Golfing legend Colin Montgomerie is suing his estranged wife for £5 million, over what he claims is an unfair post-nuptial agreement.
He and wife Gaynor, 50, split up in 2015. Colin, 53, has admitted that he had cheated with another woman - and had signed a post-nuptial agreement in 2010.
Most of the details of the case can't be reported for legal reasons, but Montgomerie is now disputing the fairness of the agreement and is seeking £5 million.
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The row highlights the uncertainty over post-nuptial agreements in the UK.
Post-nups are agreements between couples who are already married or in a civil partnership and, like pre-nups, set out the way that their assets and income will be divided in the event of a split.
They're most used in second marriages where there are children involved, or to protect inherited wealth or the ownership of a company. But couples also often turn to them when a new child is born, a new company is founded, or when one of the couple receives an inheritance.
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Again like pre-nups, these agreements aren't legally binding. There has, though, been a trend to give weight to them in the courts - as long as certain conditions apply.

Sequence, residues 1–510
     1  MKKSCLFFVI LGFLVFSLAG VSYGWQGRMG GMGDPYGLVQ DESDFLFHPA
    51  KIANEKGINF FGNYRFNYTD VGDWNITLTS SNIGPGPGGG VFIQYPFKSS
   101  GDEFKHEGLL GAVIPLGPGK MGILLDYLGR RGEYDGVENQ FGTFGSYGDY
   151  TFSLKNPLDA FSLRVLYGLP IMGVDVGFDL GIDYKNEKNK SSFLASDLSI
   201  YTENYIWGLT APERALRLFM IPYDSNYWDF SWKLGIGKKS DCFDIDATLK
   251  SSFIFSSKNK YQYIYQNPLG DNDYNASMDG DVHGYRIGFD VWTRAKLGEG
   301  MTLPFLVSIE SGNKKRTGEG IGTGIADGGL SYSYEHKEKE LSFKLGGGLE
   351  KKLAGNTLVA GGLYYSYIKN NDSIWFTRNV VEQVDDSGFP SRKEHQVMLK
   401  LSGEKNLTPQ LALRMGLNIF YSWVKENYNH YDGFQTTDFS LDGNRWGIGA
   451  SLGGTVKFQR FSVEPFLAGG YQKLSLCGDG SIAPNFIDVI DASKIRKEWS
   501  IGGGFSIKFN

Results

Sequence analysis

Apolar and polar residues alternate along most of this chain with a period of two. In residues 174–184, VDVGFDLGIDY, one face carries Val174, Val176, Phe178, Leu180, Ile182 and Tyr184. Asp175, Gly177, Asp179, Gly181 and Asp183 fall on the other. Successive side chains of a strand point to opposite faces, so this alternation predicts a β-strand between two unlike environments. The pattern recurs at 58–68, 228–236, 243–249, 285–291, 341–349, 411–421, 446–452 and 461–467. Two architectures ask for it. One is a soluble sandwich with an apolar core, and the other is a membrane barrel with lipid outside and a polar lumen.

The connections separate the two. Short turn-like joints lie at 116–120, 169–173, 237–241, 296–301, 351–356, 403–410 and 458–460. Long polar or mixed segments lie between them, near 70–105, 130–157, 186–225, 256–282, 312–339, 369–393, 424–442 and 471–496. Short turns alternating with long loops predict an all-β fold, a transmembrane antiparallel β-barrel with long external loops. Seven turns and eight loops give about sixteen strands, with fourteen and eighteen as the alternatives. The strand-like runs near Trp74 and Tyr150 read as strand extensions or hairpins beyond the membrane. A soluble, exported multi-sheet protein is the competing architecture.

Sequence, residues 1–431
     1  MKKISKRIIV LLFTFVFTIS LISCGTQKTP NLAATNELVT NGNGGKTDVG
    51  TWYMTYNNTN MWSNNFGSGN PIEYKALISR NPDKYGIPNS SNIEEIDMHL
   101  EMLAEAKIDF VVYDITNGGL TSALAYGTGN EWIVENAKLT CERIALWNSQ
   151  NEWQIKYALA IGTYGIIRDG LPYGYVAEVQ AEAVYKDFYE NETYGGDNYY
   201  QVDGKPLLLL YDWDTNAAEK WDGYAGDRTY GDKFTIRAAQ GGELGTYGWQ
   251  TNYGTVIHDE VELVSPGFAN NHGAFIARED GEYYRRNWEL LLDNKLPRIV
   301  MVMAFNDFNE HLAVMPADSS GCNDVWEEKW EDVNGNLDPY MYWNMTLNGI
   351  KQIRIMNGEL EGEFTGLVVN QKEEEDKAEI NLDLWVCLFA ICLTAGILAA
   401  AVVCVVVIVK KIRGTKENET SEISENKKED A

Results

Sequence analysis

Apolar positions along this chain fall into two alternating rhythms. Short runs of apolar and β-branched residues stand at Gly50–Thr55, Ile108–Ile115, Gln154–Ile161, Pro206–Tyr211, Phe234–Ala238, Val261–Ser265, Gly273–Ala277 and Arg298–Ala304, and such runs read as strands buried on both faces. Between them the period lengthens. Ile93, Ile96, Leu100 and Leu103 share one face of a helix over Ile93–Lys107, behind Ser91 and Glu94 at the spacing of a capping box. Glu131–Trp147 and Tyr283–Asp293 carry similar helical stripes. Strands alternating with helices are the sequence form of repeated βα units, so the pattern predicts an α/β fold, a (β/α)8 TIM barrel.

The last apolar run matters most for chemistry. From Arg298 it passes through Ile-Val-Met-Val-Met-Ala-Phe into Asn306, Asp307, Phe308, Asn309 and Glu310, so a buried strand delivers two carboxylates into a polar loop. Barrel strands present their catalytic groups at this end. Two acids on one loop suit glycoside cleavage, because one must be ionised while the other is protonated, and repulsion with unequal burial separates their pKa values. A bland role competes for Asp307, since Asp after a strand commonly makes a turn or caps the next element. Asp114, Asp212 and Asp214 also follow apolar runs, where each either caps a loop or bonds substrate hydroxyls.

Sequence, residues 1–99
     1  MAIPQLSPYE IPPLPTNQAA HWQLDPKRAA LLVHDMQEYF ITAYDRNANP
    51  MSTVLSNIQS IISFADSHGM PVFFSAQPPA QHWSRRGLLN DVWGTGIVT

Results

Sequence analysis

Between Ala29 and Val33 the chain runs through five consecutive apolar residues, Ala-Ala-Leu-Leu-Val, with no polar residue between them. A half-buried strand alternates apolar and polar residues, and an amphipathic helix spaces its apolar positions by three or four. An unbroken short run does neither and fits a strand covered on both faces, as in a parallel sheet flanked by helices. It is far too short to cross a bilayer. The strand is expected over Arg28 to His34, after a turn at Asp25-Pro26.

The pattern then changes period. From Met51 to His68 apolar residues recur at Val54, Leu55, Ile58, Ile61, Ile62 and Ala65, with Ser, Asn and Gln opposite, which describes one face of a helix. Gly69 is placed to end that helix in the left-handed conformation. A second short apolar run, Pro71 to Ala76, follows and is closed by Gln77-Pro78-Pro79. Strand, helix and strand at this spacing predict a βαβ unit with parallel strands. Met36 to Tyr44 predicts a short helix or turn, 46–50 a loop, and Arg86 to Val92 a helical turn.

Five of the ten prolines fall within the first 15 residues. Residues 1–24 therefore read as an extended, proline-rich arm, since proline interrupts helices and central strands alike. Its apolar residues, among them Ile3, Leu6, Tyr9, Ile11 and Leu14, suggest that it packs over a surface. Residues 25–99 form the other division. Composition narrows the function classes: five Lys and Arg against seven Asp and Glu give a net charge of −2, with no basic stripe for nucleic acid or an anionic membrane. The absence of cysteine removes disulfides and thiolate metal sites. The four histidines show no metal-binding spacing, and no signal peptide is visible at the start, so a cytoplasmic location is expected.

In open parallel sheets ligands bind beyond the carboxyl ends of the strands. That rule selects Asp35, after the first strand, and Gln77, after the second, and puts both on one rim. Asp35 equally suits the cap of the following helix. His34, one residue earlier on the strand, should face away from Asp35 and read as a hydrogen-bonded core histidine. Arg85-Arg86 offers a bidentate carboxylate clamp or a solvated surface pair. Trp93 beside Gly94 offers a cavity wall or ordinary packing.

"The courts are increasingly aware of the importance of upholding marital agreements, and the courts will follow an agreement unless there is a good reason to deviate from it," says Jayne Chilvers, a partner with law firm Nelsons Solicitors.
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The guidelines say that both parties must enter into the agreement of their own free will, without any pressure, and both must understand the implications of the deal. Both must also disclose all relevant information.
In a landmark case a few years ago, the Supreme Court concluded: "A Court should give effect to a pre-nuptial agreement that is freely entered into by each party with a full appreciation of its implications unless, in the circumstances prevailing, it would not be fair to hold the parties to their agreement".
In this particular case, the decision is likely to hinge on that 'fairness'.